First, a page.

The Sweet Spot

 

With the passing of the recent taxpayer subsidized marketing and sports spectacle (for many of us, football ended in January with the National Championship), the season of traditions which begins around Thanksgiving, that time of year which, with its celebrations and observances inspires us to temporarily set aside our differences, can be said to be truly over. 

Our assumed national obsession with politics and identity will soon continue the long and insufferable crescendo of drama that accompanies our never ending campaign cycles. 

For those of us who lost friends and suffered anxiety during the last cycle, it might behoove us at this point to take a step back and speculate on the nature of the things which separate us.

For some time now we have struggled to better understand  what we perceive to be a false dichotomy that divides almost half of the nation, or at least those of us not too busy making a a living to have time for such concerns. Just what is it that separates us into warring camps of conservative and liberal, democrat and republican?

The loudest and angriest among us follow leaders, and leaders in the vast majority of cases carry a red or a blue banner. Yet government itself, and the business concerns which direct government, seem more apolitical. Once elected, our leaders are political only as far as it is necessary to be reelected, and the vast bureaucracies of federal, state and local governments act as entities unto themselves, with their primary goal being their continued existence. 

To put it bluntly, politics is for little people, but since our numbers are overwhelming, we hold if we do not in fact wield a power which is actively sought by business and government alike. Politics is the method by which our power is divided, diluted and controlled.

Political control is achieved by identifying and leveraging the natural divisions which exist between people. By understanding what those divisions are, it might be possible to reduce the amount of manipulation to which we are subjected. 

Think of a round of firewood we intend to split. To do so, we look for cracks in the wood and we guide our axe to that “sweet spot.” If we hit it just right, far less effort is needed to split the wood. We are not firewood, but we do have vulnerabilities which are used over and over again. In this limited space we can only address a few of those. We will speak in generalities, and we concede the point that there are many exceptions to each of these.  Our intention is not to judge, but to observe.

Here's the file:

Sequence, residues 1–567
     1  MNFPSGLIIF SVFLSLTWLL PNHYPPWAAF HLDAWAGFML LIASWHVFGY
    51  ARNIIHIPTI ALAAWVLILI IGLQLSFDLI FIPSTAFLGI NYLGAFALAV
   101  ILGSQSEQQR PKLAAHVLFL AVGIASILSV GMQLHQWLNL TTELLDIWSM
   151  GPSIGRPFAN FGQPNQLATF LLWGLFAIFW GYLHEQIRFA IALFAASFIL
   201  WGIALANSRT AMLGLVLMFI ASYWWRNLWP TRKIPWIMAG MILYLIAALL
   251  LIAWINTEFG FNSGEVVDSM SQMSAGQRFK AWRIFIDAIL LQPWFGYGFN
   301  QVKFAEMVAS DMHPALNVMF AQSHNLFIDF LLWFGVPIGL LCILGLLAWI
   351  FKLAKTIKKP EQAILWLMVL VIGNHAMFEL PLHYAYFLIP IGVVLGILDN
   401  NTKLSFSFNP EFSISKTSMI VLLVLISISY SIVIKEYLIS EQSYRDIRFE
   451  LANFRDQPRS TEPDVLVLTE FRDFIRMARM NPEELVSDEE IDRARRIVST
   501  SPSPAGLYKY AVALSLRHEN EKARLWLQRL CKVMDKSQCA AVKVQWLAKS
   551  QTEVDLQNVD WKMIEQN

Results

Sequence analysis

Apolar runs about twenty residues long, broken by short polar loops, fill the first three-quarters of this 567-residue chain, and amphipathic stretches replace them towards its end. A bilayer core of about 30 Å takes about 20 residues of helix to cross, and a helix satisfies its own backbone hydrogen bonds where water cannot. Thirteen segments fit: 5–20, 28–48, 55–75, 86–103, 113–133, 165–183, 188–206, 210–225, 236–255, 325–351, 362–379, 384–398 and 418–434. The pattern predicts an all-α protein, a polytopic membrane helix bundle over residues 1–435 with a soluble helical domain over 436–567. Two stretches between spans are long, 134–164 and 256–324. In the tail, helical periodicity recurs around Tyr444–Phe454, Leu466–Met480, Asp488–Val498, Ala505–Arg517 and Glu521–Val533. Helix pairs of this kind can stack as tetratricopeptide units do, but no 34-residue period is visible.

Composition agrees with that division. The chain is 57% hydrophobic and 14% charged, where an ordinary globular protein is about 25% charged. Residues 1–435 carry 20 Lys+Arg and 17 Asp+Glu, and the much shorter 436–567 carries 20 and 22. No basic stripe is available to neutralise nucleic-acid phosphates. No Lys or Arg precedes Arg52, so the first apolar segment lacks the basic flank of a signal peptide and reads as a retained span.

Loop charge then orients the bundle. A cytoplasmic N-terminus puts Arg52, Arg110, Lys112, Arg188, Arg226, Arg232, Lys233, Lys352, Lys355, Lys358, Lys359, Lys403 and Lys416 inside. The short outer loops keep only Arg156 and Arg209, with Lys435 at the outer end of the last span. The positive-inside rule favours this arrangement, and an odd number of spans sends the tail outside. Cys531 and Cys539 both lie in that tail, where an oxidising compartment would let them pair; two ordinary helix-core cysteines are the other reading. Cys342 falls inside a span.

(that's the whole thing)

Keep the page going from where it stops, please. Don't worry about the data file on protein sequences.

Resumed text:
There are several “sweet spots” where a wedge can easily be driven between democrats and republicans, conservatives and liberals. In our opinion, a sure sign of the path of the wedge can be found in the logical inconsistencies, some might say “hypocrisies” that result from our forced separation. 

Generally speaking, conservatives tend to be more religious while liberals tend to be more humanist.  Conservatives believe in the higher power of God while liberals trust more to the higher power of collectivism. Both yield individual responsibility, the conservative to a belief system and the liberal to a government. 

Observe the many splinters left by the passing of the maul. One of the biggest and sharpest is the issue of abortion, which is kindled every election cycle to the point where it is now a litmus test of political affiliation. The conservative postures as a pro life advocate, but has no problem with capital punishment. The liberal abhors capital punishment, but accepts the termination of life in the womb in a culture which, in its admixture of science and faith cannot agree at which point a human life begins. 

The liberal is predictably a defender of the environment. The conservative, when it comes to the environment, has been more of a consumer than a conservator.  The conservative would consume the environment to create jobs. The liberal would conserve the environment, but consume the wealth of working people to support the jobless.

Both conservative and liberal allow, and even encourage business and government to go adventuring around the world with our blood and treasure, to meddle unceasingly anywhere that it seems possible to extract wealth. Distracted and content or angry and made fearful by the wedge of politics driven between us, we have allowed death and destruction and debt, and the transfer of vast amounts of wealth into ever smaller numbers of hands.

Throughout history, every time wealth inequality has become extreme, volatility has ensued. Inequality leads invariably to the rise of collectivism and of socialistic forms of government that are doomed to fail. Even capitalism, the core of the American way of life, degrades as free markets are gamed into crony capitalism and oligarchy. In the end, the only proven method of reducing inequality, is disaster. 

Every civilization, every philosophy and belief, every form of government and every nation has a shelf life. All human institutions contain the seeds of their own destruction. Human nature dictates that we evolve and devolve in cycles. When we work together, we slow down the turning of the wheel. Conservatives want to preserve what we have accomplished and hold back the tides of change which threaten those gains.  Liberals want to use change to improve the general well being. Each side has valid ideas to contribute to the common good. But as long as we allow it, the only people who will prosper are the ones driving the wedge. 

 

 

 

 

 

 

 

 

 

 

 

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